My name is Dave Herron and I have now been a board member for longer than I was a camper. But both experiences have helped to shape me personally and professionally.  As a camper in the late 60s, things were much different in many respects than they are today. For example, I had no concerns about being at camp for two weeks without my cell phone or iPad. But many things about camp were the same then as they are now. I was away from home and away from all my ‘regular’ friends. I always had mixed emotions going away to camp; feeling excited and feeling anxious at the same time. As I returned to camp, year after year, there was the excitement of knowing what was to come; new friends to be made and old friends to see once again. My day was broken up into four periods with each activity scheduled for me except for the occasional free periods that would usually find me at the rifle range. There was no girl’s camp until the last year that I went to camp. But by the time the girls camp came into being I was of that age that even that was an okay addition to camp. Having been a board member for a number of years now I can see some similarities to my camp experience. At camp we learned to get along and to work together as a team. On the board of directors, team work is essential to making important decisions. There were challenges as a camper such as learning to dive in the lake or ride a horse for the first time.  Of course there are challenges that board members face as well.  Nothing as scary as being a little kid riding a horse for the first time, but the camp experience built confidence and that confidence has translated into serving as a contributor and a leader on the board. But the best thing about having been a camper and now being on the board is that now I have a unique perspective and I know firsthand what it means to be a young boy with the opportunity to go to camp and that perspective factors into every decision I make as a board...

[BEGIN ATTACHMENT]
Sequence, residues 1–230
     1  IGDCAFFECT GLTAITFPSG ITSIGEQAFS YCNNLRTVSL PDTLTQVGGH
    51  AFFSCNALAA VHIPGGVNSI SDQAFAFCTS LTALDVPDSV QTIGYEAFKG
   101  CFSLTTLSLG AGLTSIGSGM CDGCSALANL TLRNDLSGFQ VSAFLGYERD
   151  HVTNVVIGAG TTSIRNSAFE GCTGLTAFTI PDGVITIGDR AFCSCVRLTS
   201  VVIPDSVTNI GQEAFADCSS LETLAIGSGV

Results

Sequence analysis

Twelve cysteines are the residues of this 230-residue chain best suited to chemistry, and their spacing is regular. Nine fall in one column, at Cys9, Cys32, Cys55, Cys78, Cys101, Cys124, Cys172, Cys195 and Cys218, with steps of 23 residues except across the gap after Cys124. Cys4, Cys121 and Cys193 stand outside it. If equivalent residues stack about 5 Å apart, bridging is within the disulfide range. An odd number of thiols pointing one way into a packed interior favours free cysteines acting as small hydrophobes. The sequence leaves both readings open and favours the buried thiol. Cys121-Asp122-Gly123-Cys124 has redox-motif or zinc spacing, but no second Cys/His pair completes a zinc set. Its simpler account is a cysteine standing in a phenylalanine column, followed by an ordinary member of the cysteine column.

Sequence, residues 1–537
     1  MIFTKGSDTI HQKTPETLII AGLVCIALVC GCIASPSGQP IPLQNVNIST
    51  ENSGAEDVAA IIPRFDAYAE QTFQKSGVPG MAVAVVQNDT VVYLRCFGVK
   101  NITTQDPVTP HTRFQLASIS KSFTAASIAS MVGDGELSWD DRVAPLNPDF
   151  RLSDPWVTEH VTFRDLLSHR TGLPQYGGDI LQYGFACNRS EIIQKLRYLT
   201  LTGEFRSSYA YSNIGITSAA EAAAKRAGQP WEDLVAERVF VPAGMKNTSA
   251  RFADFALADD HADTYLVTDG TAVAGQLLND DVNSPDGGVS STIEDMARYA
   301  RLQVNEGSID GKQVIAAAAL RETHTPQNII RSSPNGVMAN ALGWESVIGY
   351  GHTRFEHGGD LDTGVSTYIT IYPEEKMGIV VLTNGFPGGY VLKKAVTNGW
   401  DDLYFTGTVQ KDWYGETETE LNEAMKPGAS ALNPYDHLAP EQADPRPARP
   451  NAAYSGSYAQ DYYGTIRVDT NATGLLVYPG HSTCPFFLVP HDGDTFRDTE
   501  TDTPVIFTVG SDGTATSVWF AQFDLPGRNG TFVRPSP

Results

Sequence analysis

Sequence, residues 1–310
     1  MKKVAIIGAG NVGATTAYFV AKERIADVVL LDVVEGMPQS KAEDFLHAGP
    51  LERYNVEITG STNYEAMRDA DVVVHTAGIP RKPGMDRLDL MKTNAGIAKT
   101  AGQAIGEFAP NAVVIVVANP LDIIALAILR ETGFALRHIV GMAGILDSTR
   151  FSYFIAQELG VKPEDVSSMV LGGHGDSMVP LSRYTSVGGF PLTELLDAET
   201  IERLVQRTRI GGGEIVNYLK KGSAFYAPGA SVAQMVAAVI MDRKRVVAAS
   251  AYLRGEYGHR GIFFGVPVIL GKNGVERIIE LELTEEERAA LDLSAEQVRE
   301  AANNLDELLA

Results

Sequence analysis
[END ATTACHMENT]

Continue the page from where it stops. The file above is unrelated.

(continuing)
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Our Camp Directors

Posted by on May 6, 2015

My name is Brent Birchler and I am the Boys Overnight Camp Director at YMCA Camp Ockanickon.  I first came to camp in the early 1980’s as a member at the Family Swim Center.  My parents would take me swimming, boating, and fishing during the summer months.  After a few years as a member, I had my first overnight camp experience at the annual Kids Convention, a program Ockanickon used to run during Teacher Conventions in November.  From then on, I was hooked on camp!  I made a lot of friends each time I came to camp and really looked up to my counselors.  They were my heroes!  While my school friends wanted to be firemen, police officers, or soldiers when they grew up, I wanted to be a combination of Billy Weeks, Rick Feighery, Robbie Elder, Mickey Weeks, Ian Scott, Bobby Sempsey, Chris Morris, and Rick Worrell.  These guys made me feel important.  They were excited when I arrived at camp and made me feel like I was really a part of Ockanickon.  They taught me how to shoot a bow and arrow.  They taught me how to canoe and backpack.  They taught me that being out in the woods was infinitely more fun than being surrounded by walls and ceilings.  I didn’t realize it at the time, but they also taught me how to settle an argument, bounce back from disappointment, stand up for what I believed in, and how to do the right thing even when it was hard and uncomfortable.  They helped my parents teach me how to be a man.  For that, I am eternally grateful.  They didn’t teach me these things by being authoritative.  They taught me these things by being my friends and holding me accountable for my decisions and behavior.  That’s what good mentors do.  I remember letting them down more than once, but seeing their disappointment in my choices would really motivate me not to make that mistake again.  These were invaluable life lessons for me. Then came that magical day in 1994 that I was hired as an Assistant Counselor.  My first day of staff training was probably one of the top five happiest days of my life! I made a host of new friends on staff such as Mikey Sunshine, Eric Altenburger, Andrew Pinger, Jeff Basiaga, and the legendary Spiffy Joe Bertolino.  My two best friends, Mike Maron and Keith Controvich, also became staff members around the same time as me.  I was in Heaven!  I had my dream job and looked forward to working at camp through college until it was time to get a “real job”.  Well, college came and went and I got to work with some amazing campers and counselors during my summers at Ockanickon.  After I graduated, I was still unsure of what I wanted to do so I decided to work at...